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Four years ago, this south Minneapolis neighborhood was the charred epicenter of Minnesota's racial reckoning. On Wednesday, residents gathered there to celebrate the legacy of Juneteenth and Black liberation.

Thousands convened at Lake Street and Minnehaha Avenue for the annual Soul of the Southside Juneteenth Festival. The mission of the event is to showcase the talents of Black creatives, business owners and community organizations, and to represent the neighborhood's ongoing efforts to create lasting change.

"I absolutely love the South Side," said Antoinette Mitchell, who was selling her customized water bottles at the festival. "There is a lot of love here and the community is great."

Festival-goers danced to music from local DJs, perused the work of local artists and enjoyed food from trucks and booths.

Juneteenth, a portmanteau of June 19, commemorates the date in 1865 that enslaved Black people in Texas were told — a full two years after the signing of the Emancipation Proclamation — that they were no longer slaves.

Juneteenth became a state holiday last year and serves as a reminder of America's history of slavery and systemic racism.

The rain gave way Wednesday afternoon, bringing sunny skies to the Minneapolis festival. One of the festival's anchor locations was the Coliseum building on East Lake Street, heavily damaged in the riots following the police murder of George Floyd in 2020.

Juneteenth served as the building's reopening after $28 million in repairs. It now hosts exhibits, including "Black Renaissance in Real Time," which showcased the work of local Black artists.

The festival attracted community organizations seeking to shed light on the issues facing Minnesota's Black community.

Duaba Unenra ran a booth for the Open Road Fund. The program operates in Minnesota and the Dakotas and distributes $50,000 grants to Black families descended from people enslaved in the Americas to improve their financial wellbeing, economic power, education, housing and health.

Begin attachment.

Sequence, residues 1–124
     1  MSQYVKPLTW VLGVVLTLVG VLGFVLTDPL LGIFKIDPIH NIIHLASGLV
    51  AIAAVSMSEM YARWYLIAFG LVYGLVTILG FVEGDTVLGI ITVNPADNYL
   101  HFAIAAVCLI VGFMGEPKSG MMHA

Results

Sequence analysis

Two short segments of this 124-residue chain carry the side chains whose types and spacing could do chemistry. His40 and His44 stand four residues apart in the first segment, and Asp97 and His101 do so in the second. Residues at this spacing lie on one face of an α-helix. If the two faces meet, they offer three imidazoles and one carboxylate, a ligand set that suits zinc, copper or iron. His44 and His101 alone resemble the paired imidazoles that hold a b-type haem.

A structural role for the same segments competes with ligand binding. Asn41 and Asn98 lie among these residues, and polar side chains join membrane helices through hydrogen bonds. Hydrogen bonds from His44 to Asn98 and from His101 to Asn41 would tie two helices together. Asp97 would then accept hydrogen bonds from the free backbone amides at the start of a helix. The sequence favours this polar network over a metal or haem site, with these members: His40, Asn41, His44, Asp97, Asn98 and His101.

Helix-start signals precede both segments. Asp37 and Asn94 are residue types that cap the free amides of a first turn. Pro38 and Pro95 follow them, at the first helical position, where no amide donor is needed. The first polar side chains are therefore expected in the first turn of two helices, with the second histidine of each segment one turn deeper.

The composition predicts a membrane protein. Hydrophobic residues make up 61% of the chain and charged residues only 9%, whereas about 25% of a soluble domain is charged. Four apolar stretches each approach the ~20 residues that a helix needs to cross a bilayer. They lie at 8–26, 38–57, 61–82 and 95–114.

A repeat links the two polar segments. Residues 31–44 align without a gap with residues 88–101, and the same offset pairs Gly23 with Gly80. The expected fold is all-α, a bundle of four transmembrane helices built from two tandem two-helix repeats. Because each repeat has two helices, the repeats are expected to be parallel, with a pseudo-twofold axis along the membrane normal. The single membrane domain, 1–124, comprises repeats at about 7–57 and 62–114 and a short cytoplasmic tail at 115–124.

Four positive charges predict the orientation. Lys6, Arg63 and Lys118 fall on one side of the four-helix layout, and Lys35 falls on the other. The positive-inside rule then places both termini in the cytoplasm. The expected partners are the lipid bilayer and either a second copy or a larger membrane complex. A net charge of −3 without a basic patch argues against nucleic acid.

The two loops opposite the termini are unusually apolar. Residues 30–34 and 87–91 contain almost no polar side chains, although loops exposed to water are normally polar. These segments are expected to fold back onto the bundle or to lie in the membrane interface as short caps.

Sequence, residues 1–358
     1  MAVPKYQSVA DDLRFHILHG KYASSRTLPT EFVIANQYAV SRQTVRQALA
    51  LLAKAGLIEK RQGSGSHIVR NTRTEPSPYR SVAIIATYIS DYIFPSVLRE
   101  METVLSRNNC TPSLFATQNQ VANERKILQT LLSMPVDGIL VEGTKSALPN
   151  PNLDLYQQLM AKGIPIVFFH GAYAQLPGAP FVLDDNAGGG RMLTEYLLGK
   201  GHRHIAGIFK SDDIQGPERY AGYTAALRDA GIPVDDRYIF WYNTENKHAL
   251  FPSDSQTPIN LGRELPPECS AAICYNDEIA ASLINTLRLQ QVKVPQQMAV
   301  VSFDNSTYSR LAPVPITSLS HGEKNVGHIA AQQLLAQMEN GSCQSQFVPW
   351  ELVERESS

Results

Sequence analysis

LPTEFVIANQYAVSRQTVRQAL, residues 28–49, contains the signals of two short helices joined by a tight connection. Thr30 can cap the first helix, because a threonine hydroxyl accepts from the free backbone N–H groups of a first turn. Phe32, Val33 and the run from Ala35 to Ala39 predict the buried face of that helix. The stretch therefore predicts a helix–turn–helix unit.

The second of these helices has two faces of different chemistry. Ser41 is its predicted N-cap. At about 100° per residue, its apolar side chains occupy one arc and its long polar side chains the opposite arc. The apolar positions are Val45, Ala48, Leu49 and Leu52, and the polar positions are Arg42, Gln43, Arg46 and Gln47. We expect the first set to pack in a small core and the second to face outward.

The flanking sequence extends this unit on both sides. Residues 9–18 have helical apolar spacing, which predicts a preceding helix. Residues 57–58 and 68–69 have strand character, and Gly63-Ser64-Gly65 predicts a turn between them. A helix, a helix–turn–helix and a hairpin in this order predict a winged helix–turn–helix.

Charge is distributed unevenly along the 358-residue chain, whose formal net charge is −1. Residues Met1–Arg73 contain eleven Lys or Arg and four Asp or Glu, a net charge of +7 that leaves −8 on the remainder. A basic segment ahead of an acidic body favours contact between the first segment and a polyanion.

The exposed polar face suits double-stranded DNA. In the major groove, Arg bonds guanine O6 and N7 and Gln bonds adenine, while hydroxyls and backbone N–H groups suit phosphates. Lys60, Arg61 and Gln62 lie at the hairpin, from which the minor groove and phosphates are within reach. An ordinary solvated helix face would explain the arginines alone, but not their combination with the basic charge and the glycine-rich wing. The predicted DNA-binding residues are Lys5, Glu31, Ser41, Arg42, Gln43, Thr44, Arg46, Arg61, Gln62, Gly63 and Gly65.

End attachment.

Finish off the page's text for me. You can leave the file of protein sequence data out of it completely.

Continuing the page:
"This program is not a reparations program," Unenra said. "$50,000 is not enough money to account for the damages that have been done to our people — enslavement, Jim Crow and the new Jim Crow. However, this is a program that is stewarded by the Black community and is meant to help us to heal from generations of economic inequality."

Behind every booth was a different story.

This was Mitchell's first year at the festival. She started Splash of Royalty Designs after becoming the full-time caretaker for her ailing mother and needing an artistic outlet.

Next to Jasmine D'Avilar's handmade crocheted clothing sat a table of work by local artists up for auction to raise money for D'Avilar's mom, who is recovering from breast cancer.

Alexis Wall, a mixed media artist who also has a piece on display at the Black Renaissance exhibit in the Coliseum building, sold prints of her work.

"I want people to feel a reflection of themselves in my work," Wall said. "It is really important to me to show the emotion and resilience of communities of color."